A quietly radical renovation of a large Victorian town house involving significant spatial intervention, the fine detailing of loose furniture and the implementation of a new hard and soft landscape; conceived to echo the internal architectural narrative.
Situated on the site of a former cattle market and constructed on the first ‘considered’ street to be completed in Blackheath, the project sits on an elevated area with surrounding land falling away to the south and west to nearby Lewisham.
An early matter-of-fact approach, inline with the original project timeline, saw the opening of living and loft spaces and the insertion of new architecturally considered windows, to channel natural light deeper into the plan. The project’s scope then grew to encompass the decoration and detailing of the entire house, including loose furniture, the garden and a new, more generous garage and route-to. An unusual and notable aspect of the project is the architectural use of joinery as both a device for spatial organisation and furniture.
Inventions and interventions were rigorously related to the original Victorian fabric – most notably, a series of pyramid stretcher bricks that feature in the external, street-facing facade. The pyramid is explored in two ways. In its graphical manifestation, it is flattened and appears as a cross motif on furniture and other elements. In relief, as a further abstraction of the cross motif, it appears as a single, slanted line rendered in notched vertical slats. These motifs recur rhythmically throughout the house and the joinery, often announcing key elements – they appear on screens, a dining table and a bar cabinet; folding and pivoting double-doors, cupboards and a desk. They appear in smaller items like fireplace hearths, door knob backplates and finger pulls. And they feature in the garden, uniting the interior and exterior fabric, the hard and soft landscaping.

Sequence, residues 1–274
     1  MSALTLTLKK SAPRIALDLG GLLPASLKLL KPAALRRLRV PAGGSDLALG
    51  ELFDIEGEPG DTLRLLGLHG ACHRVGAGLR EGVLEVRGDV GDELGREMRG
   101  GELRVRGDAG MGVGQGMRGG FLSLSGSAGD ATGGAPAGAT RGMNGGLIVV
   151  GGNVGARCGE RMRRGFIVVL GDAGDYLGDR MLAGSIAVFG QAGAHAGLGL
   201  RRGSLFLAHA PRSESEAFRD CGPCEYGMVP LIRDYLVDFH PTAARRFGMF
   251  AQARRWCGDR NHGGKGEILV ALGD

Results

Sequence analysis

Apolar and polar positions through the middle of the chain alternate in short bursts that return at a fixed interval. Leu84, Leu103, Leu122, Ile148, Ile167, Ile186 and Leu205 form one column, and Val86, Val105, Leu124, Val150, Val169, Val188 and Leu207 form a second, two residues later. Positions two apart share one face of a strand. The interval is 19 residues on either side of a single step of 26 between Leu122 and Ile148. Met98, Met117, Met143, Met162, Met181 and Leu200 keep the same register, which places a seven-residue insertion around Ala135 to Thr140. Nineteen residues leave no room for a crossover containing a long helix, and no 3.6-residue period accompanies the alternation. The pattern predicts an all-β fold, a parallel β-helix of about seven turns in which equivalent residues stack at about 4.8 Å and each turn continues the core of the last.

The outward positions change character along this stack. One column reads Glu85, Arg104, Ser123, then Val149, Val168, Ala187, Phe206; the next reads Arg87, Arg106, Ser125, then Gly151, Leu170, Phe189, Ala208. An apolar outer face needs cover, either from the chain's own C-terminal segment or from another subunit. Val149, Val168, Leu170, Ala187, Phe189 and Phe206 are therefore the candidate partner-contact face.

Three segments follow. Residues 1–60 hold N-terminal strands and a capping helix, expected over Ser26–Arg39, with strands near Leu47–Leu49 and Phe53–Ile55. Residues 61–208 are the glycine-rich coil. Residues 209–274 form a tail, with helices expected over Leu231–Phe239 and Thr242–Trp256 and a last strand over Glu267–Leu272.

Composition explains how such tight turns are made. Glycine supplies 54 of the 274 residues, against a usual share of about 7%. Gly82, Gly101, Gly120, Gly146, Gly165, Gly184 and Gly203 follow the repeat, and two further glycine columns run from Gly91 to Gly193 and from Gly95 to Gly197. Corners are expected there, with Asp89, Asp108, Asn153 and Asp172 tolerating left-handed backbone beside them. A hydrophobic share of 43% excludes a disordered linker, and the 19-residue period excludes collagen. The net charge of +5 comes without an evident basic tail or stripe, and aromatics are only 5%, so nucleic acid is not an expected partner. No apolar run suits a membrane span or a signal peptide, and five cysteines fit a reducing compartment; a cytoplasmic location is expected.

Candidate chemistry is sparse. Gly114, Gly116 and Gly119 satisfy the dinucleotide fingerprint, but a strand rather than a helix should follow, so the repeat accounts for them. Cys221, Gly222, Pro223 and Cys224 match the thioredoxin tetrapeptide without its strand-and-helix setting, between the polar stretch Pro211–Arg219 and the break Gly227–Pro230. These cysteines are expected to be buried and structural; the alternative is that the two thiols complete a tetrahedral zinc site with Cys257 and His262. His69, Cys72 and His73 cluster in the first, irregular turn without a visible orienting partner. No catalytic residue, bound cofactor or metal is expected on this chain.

Now, internal spaces appear generous and light-filled; befitting the original intentions of the house and its immediate, urbane context. Critically, the project now has a tangible warmth and presence, perhaps as a result of the total and singular use of handled timber, with multiple elements from different periods, layered harmoniously.
The project started quickly and unconventionally, with merely an overall sense for the desired spatial reconfiguration. Everything else emerged, over the months and years from the ongoing dialogue between architect and client, and as a dynamic and learned response to the fabric of the house itself. Floor joists were removed because the operation was a simple one, creating a double-height void in front of the entrance. The ‘canvas’ of uninterrupted walls, exposed original floor-boards with overt repairs and generous skirting boards was established – architectural joinery and loose furniture was then added in successive, in-dialogue layers. The project made a virtue of iteration and testing, and was run on jointly-editable online project documents: an approach echoes the ‘lean startup’ method of product development in the tech sector, where the client works.
The output also reflects the strength of the working relationship between master craftsman Adam Stevenson and architect Carl Trenfield, who had collaborated for several years before this project. The pair of them, working together with other specialists but without a main contractor, were able to streamline a process of design, iteration and construction that might otherwise have involved several architects and craftsmen; considerably more work-steps and documentation.
In its final form, the project – with a rare integrity of narrative and process – unites major interventions and fine detailing; original features and new furniture; the Victorian and the melded-modern.